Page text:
Max’s Monthly Column: Goodwood Festival of Speed and testing out an old Vitara
Welcome to Max’s monthly Column. It’s hot isn’t it – at last. Muggy; that’s a thing people say. I’m not complaining. Far from it (I hate people who are just always angry with an uncontrolled variable like the weather). But it’s on hot days, more than any other, when my respect for the internal combustion engine is most conspicuous.
This very morning I was driving up a dusty, country lane, nestled deep within the Devonshire countryside, with the heat of the sun frying downwards thanks to little cloud cover or breeze. My SEAT Ibiza FR is black, which thanks to science-related laws I don’t really understand; absorbs a greater amount of heat energy than say, a white car.
Without the delight of air con, I’d have been sweaty just pushing the brake pedal and pulling for third gear, as opposed to the abuse the 4-cylinder turbo diesel engine would have been going through.
Watch the video version of Max’s June Spidersnet Column
The 25o intake air is refreshing the car’s radiator like a warm glass of water after a 100m sprint. But it’s instantly noticeable isn’t it, when the heat begins to test the car’s internals? The size of the noise coming from the engine cooling fan as it spins desperately, shows the effort needed to chuck away some of that heat. It’s a ‘wurring’ sound that may not exist forever, thanks to the rise of electric powered cars.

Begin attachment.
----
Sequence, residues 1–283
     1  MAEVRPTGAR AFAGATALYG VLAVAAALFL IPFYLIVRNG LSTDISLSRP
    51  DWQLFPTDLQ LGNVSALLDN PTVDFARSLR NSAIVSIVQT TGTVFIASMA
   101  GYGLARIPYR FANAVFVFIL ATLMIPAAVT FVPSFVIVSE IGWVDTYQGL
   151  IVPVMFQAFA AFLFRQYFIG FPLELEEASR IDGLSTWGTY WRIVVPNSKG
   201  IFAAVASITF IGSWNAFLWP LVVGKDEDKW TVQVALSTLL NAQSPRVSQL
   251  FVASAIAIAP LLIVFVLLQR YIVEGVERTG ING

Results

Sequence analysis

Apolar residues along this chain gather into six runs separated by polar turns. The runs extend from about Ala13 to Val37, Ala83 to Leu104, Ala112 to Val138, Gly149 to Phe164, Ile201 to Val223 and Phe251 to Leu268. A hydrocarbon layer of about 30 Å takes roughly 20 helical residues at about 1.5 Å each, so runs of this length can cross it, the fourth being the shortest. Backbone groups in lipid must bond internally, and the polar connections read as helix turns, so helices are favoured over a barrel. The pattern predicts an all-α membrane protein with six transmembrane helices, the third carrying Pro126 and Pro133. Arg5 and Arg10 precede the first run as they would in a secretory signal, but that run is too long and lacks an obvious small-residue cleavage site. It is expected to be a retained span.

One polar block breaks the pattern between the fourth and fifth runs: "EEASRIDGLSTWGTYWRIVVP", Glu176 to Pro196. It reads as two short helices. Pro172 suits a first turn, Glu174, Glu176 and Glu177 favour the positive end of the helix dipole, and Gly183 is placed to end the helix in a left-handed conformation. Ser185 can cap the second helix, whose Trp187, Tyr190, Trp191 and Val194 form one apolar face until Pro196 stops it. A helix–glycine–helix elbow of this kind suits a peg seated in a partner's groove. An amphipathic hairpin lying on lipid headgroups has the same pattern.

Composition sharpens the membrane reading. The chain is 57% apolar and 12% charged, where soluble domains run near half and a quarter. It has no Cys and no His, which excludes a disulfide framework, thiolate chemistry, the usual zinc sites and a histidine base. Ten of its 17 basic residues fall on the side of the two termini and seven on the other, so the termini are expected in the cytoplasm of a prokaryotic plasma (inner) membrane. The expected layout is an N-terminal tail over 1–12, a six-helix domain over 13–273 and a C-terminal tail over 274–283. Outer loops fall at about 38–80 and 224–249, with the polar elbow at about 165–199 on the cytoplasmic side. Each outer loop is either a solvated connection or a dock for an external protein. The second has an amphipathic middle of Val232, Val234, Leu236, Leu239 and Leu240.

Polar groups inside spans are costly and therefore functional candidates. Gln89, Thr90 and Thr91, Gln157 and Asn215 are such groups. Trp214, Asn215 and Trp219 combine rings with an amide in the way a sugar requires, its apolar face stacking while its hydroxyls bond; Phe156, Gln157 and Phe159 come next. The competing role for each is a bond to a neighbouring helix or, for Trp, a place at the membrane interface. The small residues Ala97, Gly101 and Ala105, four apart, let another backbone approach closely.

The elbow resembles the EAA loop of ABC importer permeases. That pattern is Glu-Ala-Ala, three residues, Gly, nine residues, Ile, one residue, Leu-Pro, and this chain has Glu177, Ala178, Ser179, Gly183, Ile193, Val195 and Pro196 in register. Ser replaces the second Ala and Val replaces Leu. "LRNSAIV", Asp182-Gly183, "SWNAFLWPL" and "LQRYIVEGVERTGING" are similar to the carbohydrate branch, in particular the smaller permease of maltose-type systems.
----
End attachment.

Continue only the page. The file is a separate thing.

Goodwood Festival of Speed
Talking of which, it was the Goodwood Festival of Speed 2019 this month. Held each summer since 1993, Goodwood is one of the world’s most famous car-splattered garden parties to ever occur. Basically, there’s many-an-acre of grassland where automotive brands from across the globe display their latest and greatest creations. And within the grounds; is just over a mile of tarmac that stages the prestigious hill climb event.
All sorts of wonderful cars have a blasted up the hill, including the odd antique (and very noisy) Formula 1 car – replenishing many fan’s love for engine sounds that are otherwise extinct. But more than that, it’s a genuine opportunity for car makers to show the competition just how fast their new brain child really is.
Watch the ID.R’s record breaking hill climb.
German manufacturer Volkswagen rocked up with, what can only be described as a weapon of speed and agility. A vehicle designed purely to get from one place to another in as little time as possible – using nothing but electricity (and a fair amount of carbon fibre). It’s called the ID.R and it is unlike anything VW have ever made. It’s a clever manoeuvre though, as it brings Volkswagen’s new electric ID range right into the limelight on their new road-going range of electric cars.